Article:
November 26, 2006 - December 2, 2006 Archives

Several weeks ago I got curious about what the collective scientific output was by members of the Panda’s Thumb, both authors and advisers. So I took a poll.

Because not every Pandit is an evolutionary biologist or even a scientist, I could not just do a poll based on EB scientific paper. The engineers who’ve worked on classified government projects wanted to be able to include their technical reports in the survey. The philosophers and historians of the group wanted to count their work in the humanities as well. So I ended up with three major categories: Science Papers, Humanities Papers, and Technical Reports. In addition, the Total Publication category covers all three of these as well as other academic/professional publications not covered by them. And finally, the Evolution Related category is a subset of the Total Publication category.

Here are the results, from a total of 31 responses.

Science Papers Humanities Papers Technical Reports Total Publications Evolution Related Publications
Total 978 103 305 1467 124
Average 31.5 3.3 9.8 47.3 4.0
Std Dev 67.7 7.6 18.2 80.2 8.0

Raw data is below the fold.

Microbiology pioneer dies

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Esther Lederberg dies at 83

Stanford University microbiologist Esther Miriam Zimmer Lederberg, a trailblazer for female scientists and the developer of laboratory techniques that helped a generation of researchers understand how genes function, has died at Stanford Hospital.

Professor Lederberg, who lived at Stanford, was 83 when she died Nov. 11 of pneumonia and congestive heart failure.

She discovered the lambda phage, a parasite of bacteria that became a key tool for the laboratory study of viruses and genetics, and was the co-developer with her husband [Nobel prize winner Joshua Lederberg] of replica plating, a technique for rapid screening of bacteria for desired mutations.

”She developed lab procedures that all of us have used in research,” said cancer researcher Stanley Falkow of the Stanford University School of Medicine.

She was also a pioneer of women’s rights, becoming a full professor at a time when women were rare on the faculties of Stanford and other major universities. “She was a real legend,” said Dr. Lucy Tompkins of Stanford.

(Continued at Aetiology)

Jonathan Wells (2006) The Politically Incorrect Guide to Darwinism and Intelligent Design. Regnery Publishing, Inc. Washington, DC.Amazon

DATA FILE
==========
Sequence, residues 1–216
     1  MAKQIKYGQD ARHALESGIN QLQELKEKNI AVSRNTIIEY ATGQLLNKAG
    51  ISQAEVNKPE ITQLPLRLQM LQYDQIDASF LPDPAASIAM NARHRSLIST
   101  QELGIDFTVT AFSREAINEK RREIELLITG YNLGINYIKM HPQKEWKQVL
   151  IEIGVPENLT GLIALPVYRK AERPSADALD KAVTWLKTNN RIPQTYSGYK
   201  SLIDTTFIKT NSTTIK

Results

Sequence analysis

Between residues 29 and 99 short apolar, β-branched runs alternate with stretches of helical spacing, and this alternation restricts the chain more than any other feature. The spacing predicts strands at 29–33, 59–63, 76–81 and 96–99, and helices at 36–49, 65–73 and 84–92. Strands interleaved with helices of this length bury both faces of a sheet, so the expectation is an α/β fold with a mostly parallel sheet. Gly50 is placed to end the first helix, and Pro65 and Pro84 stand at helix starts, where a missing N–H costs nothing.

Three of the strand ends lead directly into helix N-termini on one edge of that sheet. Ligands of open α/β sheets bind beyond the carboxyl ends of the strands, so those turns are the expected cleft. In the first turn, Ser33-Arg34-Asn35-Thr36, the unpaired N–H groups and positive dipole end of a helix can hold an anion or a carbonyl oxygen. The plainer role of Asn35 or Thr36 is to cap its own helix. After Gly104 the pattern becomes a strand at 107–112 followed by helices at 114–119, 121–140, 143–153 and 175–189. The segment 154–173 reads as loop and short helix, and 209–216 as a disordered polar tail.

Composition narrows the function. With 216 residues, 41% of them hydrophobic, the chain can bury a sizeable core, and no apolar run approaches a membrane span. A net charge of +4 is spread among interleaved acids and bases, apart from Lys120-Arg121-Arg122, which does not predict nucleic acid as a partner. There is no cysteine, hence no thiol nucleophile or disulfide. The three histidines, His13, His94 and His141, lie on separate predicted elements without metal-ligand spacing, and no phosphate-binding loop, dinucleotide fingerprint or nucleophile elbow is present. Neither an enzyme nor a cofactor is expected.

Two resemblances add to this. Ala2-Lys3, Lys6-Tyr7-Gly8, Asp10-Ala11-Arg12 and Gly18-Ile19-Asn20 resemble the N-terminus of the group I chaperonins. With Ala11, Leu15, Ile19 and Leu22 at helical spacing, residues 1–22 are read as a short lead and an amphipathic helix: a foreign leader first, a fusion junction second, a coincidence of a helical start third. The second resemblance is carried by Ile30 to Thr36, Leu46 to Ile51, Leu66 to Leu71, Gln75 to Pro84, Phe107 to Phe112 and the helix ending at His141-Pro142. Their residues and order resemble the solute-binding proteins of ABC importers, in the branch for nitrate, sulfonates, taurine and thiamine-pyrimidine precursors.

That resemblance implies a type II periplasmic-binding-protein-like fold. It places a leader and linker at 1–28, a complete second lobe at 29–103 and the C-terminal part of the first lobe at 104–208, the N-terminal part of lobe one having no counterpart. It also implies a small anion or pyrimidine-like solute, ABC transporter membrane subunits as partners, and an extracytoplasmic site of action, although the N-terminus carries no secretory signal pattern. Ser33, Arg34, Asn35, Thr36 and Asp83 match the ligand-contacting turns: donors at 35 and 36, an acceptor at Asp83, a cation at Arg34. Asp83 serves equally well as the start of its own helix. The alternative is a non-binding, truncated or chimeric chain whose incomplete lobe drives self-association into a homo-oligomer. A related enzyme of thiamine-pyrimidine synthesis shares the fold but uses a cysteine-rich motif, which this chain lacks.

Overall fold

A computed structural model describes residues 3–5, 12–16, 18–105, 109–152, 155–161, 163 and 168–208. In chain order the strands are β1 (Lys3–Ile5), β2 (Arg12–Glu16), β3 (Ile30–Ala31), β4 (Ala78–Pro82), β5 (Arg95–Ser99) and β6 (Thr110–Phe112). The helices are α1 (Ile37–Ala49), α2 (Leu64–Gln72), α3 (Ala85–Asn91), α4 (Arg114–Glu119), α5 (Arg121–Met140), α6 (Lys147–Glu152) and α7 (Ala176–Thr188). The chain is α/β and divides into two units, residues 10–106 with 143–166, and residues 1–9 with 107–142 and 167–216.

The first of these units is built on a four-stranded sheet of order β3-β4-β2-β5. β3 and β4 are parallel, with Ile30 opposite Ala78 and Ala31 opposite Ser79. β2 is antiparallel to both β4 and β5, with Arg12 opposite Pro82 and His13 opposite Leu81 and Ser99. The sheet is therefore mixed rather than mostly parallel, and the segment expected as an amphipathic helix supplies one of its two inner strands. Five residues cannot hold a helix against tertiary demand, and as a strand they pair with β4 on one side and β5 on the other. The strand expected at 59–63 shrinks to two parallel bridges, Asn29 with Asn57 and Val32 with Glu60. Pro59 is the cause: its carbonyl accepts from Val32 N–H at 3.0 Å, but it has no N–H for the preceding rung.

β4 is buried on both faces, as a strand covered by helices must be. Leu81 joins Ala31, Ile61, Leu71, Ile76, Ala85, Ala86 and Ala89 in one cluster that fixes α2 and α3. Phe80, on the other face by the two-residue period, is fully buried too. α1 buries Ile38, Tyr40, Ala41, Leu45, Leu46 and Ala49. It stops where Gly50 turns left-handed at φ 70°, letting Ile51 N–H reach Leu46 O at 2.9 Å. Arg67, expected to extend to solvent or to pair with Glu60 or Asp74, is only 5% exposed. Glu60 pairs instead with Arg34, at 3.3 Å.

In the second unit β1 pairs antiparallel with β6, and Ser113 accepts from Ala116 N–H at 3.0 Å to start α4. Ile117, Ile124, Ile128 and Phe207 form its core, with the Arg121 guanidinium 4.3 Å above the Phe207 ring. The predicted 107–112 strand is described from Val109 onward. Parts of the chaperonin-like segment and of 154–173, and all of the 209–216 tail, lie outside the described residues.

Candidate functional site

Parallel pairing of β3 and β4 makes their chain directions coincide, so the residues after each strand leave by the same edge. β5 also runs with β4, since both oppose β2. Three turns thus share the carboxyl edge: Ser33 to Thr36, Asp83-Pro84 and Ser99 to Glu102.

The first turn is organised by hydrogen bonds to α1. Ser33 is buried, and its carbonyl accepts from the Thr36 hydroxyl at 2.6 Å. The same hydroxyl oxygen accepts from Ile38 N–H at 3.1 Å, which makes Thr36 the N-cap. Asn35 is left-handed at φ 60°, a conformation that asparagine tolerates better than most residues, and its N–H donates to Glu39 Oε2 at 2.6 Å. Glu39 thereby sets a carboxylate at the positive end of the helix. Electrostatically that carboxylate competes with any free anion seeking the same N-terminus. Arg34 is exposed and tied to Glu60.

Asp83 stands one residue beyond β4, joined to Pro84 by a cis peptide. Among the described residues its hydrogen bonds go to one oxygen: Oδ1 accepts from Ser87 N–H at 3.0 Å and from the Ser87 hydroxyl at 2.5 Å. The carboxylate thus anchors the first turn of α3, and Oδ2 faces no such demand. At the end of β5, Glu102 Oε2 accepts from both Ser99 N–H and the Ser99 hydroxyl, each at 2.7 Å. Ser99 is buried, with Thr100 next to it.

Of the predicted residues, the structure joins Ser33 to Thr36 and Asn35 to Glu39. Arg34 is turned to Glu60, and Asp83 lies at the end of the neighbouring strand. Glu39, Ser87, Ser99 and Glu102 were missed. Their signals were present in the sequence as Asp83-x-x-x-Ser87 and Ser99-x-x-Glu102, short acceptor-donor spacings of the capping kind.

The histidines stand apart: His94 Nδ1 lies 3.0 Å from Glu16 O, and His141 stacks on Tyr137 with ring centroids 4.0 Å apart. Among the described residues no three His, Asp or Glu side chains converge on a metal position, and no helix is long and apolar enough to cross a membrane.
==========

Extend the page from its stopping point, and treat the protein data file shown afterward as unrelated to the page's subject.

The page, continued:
Read the entire series.

The most virulent attacks on evolution tend to come from political conservatives, and many conservatives have argued—as Wells does in The Politically Incorrect Guide to Darwinism and Intelligent Design—that political conservatism and evolution are fundamentally incompatible. Other conservatives, most prominently Larry Arnhart, have argued that conservatism is not only compatible with the lessons of evolutionary science, but that in some ways conservatism fits better with those lessons than do leftist political theories. Although I’m not a conservative myself, and although Arnhart’s writings on the subject contain some significant blind spots, I think he has the better of this argument. But the PIG thinks otherwise, and its attack on pro-evolution conservatives in Chapter 14 is written with the irrational and histrionic tone that many “intelligent design” activists adopt when discussing the subject. Let’s take a look.

Just so stories

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Many of us are familiar with the accusation by Intelligent Design activists that evolution and Darwinism deals in just-so-stories. For example, Behe, after the Kitzmiller ruling, remarked that:

On December 21, 2005, as before, there are no non-design explanations for the molecular machinery of life, only wishful speculations and Just-So stories.

Source: Whether Intelligent Design is Science: A Response to the Opinion of the Court in Kitzmiller vs Dover Area School District By Dr. Michael J. Behe

Similarly, Dembski ‘argues’ that

Evolutionist explanations are just-so stories. They are entirely speculative and do not qualify as evidence.

Source: Dembski, William A., 2002. No Free Lunch, Lanham, MD: Rowman and Littlefield, chap. 6.

If you needed another proof that the Founding Fathers were pretty smart guys when they noted that fights over religion are intractable and produce strife because they involve ultimate questions decided according to dictates of conscience, we have yet another proof. In recent weeks there has been a resurgence of internicine fighting amongst the pro-science blogging community over the issue of religion. The Holy Wars threads involve the debate between two camps: I think the camps are neutrally described as follows (feel free to hurl invective my way if you disagree).

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